As Bitcoin adoption continues to skyrocket, the cryptocurrency is coming under increasing regulatory scrutiny particularly in India. What do Modi’s government’s moves against BTC mean for the future of crypto?
Bitcoin and other cryptocurrencies are gaining mainstream acceptance. It’s long been possible to trade Bitcoin on individual exchanges and through brokers via mobile apps. And now we are seeing institutional investors coming on board. But these trends come with increased scrutiny. While many countries are mulling over how to approach crypto regulations, few have taken such a bellicose tone as the Indian government under Prime Minister Narendra Modi.
The government has made numerous attempts to ban Bitcoin and it looks set to continue on that course. This has raised concerns among the cryptocurrency community, but few outside India understand the real reasons that Modi’s government is pushing back against Bitcoin.
India Is Still Grappling With a Corruption Epidemic
One of the biggest challenges India has faced over the past two decades is corruption, specifically tax evasion. Just 2.5% of the population pay income tax and hiding income in cash is a major problem for the Indian government. Additionally a cash-reliant society provided criminals and corrupt officials an easy way to hide their activities from the government.
In 2016, Modi’s government took decisive action. Under great secrecy, it enacted a bill that took 86% of its cash out of circulation. Indian citizens were given just 50 days to cash in their large banknotes, or they would become worthless. The government reasoned that this could push Indians into using bank accounts — making it easier to track finances.
The gamble damaged the Indian economy and was only partially successful. But it does explain the government’s animosity towards digital currency. They have been doing everything in their power to make it harder to avoid government scrutiny, and mass Bitcoin adoption in India could undo all of their efforts.
The Indian Government Has Been Trying to Control BTC Since 2017
In the wake of Modi’s demonetization efforts, a number of high net-worth individuals in India sought alternative ways to protect their assets. The government issued notices to around 500,000 individuals who were suspected of trading on uncontrolled exchanges.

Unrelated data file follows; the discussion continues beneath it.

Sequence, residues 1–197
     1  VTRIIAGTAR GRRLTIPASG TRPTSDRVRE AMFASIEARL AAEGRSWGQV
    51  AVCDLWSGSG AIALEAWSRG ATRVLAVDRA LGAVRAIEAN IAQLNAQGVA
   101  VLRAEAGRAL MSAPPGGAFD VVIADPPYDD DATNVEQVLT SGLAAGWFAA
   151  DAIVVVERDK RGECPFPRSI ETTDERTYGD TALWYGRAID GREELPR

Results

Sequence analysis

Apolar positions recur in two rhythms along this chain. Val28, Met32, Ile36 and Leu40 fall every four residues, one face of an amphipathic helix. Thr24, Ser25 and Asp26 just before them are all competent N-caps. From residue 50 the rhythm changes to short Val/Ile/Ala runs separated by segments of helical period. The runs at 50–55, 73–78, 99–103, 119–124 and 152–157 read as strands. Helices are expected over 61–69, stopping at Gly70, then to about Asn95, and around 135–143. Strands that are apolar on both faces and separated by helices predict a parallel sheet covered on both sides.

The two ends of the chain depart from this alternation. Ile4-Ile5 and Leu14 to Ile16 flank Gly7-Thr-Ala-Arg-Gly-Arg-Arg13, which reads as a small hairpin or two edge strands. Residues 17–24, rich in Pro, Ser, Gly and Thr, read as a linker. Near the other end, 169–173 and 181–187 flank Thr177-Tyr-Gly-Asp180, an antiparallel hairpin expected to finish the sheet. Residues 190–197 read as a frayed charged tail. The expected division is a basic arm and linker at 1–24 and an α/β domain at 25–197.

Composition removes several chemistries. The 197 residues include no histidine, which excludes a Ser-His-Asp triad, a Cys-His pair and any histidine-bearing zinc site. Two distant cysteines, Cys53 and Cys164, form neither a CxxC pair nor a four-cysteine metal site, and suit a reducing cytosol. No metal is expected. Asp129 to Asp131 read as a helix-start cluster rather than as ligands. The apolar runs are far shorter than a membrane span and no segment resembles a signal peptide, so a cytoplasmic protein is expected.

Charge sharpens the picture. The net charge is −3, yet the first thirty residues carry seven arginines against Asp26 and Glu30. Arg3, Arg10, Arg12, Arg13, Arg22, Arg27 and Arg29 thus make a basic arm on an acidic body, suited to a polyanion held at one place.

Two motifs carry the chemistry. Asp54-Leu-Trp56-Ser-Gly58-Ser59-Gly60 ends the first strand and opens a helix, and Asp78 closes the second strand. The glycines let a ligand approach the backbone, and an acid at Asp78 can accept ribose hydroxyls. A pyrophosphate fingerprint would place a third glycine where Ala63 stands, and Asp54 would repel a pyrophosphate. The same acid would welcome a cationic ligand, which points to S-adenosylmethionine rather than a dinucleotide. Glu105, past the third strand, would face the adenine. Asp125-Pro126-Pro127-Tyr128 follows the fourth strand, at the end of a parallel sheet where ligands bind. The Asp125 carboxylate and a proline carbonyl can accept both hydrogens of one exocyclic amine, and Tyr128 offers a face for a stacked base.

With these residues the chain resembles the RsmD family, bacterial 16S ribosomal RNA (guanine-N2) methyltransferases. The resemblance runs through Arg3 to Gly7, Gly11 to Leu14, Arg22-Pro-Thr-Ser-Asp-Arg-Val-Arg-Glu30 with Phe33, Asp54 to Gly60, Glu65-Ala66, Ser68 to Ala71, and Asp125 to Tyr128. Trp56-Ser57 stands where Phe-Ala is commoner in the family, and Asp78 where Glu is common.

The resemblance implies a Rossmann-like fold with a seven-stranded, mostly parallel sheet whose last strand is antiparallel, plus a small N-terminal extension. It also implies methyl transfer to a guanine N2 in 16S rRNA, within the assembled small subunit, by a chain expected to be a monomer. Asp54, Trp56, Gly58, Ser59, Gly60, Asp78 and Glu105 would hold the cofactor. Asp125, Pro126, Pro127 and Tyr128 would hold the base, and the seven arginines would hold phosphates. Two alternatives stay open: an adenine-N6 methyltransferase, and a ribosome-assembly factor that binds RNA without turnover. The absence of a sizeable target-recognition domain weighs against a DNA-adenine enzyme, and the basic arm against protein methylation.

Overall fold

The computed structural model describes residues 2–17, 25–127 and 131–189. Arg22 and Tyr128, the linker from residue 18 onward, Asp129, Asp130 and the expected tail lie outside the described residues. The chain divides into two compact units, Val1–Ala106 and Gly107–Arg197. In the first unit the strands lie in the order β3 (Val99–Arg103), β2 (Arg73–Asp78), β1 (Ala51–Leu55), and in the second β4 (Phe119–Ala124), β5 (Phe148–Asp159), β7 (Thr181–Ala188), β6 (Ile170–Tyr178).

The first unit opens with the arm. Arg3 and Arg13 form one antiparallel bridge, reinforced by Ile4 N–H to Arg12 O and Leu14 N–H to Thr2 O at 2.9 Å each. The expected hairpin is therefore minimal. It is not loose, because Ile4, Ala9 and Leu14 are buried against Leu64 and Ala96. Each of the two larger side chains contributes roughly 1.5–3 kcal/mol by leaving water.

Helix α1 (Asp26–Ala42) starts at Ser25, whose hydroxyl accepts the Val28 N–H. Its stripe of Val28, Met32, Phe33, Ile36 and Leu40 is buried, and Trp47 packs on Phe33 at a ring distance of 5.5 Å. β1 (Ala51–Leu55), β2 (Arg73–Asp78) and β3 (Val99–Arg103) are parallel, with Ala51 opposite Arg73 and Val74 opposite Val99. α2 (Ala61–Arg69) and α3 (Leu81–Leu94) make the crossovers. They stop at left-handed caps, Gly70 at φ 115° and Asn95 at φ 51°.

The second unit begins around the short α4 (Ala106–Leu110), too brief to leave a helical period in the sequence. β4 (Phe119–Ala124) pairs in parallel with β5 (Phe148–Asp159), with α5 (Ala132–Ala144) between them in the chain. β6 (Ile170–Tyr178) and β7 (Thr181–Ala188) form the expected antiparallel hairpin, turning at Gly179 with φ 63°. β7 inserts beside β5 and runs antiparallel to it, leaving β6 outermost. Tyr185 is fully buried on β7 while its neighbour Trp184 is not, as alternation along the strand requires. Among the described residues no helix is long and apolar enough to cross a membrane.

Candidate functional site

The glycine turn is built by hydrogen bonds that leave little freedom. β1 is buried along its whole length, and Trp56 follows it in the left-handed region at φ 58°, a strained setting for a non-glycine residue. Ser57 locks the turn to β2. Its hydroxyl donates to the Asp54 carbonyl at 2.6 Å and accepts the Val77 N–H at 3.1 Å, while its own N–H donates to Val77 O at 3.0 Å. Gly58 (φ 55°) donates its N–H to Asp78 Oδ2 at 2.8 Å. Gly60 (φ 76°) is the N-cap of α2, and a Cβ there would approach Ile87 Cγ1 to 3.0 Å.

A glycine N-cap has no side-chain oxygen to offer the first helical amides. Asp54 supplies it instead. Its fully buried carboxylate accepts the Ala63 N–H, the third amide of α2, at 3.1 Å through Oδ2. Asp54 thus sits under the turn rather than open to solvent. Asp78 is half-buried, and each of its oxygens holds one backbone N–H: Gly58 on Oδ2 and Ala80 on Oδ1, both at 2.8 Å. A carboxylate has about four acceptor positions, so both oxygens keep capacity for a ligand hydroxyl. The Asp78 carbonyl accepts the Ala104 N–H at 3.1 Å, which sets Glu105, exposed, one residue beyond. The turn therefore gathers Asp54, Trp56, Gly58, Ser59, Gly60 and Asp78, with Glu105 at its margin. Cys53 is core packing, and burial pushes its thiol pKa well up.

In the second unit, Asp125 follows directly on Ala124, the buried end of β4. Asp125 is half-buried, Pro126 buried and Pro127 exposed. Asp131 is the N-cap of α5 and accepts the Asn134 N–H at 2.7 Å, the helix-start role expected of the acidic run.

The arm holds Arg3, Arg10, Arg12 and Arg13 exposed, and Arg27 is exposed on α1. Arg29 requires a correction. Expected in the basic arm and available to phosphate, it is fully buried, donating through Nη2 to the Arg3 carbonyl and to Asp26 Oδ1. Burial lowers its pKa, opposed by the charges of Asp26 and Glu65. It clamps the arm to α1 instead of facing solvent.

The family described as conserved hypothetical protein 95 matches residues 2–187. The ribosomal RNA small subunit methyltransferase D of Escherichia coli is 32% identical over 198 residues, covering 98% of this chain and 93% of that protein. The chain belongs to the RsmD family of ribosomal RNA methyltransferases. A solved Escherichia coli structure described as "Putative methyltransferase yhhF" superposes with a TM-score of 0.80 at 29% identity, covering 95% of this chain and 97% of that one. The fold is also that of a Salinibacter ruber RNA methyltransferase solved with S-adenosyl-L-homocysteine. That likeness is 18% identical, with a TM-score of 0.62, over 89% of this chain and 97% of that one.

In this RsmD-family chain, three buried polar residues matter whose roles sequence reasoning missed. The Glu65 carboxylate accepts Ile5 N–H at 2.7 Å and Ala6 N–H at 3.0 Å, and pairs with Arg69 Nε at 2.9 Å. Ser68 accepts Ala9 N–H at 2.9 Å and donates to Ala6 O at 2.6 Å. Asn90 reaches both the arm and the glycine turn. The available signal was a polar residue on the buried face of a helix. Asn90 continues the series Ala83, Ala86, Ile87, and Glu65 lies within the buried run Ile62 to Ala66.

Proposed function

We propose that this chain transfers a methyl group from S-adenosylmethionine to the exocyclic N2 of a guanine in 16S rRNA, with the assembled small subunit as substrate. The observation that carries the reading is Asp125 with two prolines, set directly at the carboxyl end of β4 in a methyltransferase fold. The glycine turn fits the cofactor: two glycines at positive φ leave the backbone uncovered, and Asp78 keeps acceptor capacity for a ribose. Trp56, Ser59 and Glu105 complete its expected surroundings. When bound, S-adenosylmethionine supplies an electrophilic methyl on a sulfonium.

In the wake of this court ruling, the government has been working to build a legal framework under which it could ban cryptocurrency, and avoid interference from the courts. Details about this framework are unclear but the Indian crypto industry is hopeful that it will not be a blanket ban on trading. It is also likely that any proposed law would face stiff opposition.
The Crypto Industry May Be Growing Too Rapidly to Ban
Much to the Indian government’s frustration, all their ban achieved was temporarily suppressing ability to trade cryptocurrency in India. It did not affect demand. Once the ban was lifted, trading rates skyrocketed from ₹2 crore per day to about ₹50 crore. This increase in trading volume also saw the price of Bitcoin in rupees more than double in a short period of time.
In addition to increased trading rates, a huge number of crypto companies have taken advantage of the thaw. For example, CoinDCX was able to raise $5.5 million in two rounds in March and May following the court ruling.
This growth has garnered the attention of India’s powerful tech sector. The National Association of Software and Service Companies has already stated its opposition to a wholesale ban. The organization, like many others in India’s tech sector, is instead arguing that a risk-based framework to regulate the industry is a more sensible approach.
And the business sector is following. Big Indian companies like Tata Consultancy Services are jumping on the cryptocurrency train. In July, the company announced the TCS Crypto Service Solution. This solution is designed to make it easier for banks and investment firms to diversify into cryptocurrencies and other digital assets.
A Middle Way Is Possible
Given that a blanket ban has already been struck down and would meet stiff opposition, the government is likely to settle for strict regulation. While it is still unclear what form that regulation would take, India will probably follow Russia’s lead and define cryptocurrency as a taxable asset, instead of a currency.
This approach would enable the Indian crypto sector to exist, and pay tax, while also ensuring that the Indian government remains in control. Indeed, it may be the only option that prevents Bitcoin and other cryptocurrencies becoming another tool for wealthy Indians to avoid the taxman.
If Modi’s government is able to find agreement for this kind of bill, it will likely have a positive effect on the wider crypto markets. Regulation makes the cryptocurrency market stronger in the long term and it would enable millions of Indians to adopt cryptocurrency, injecting a new burst of liquidity into the market.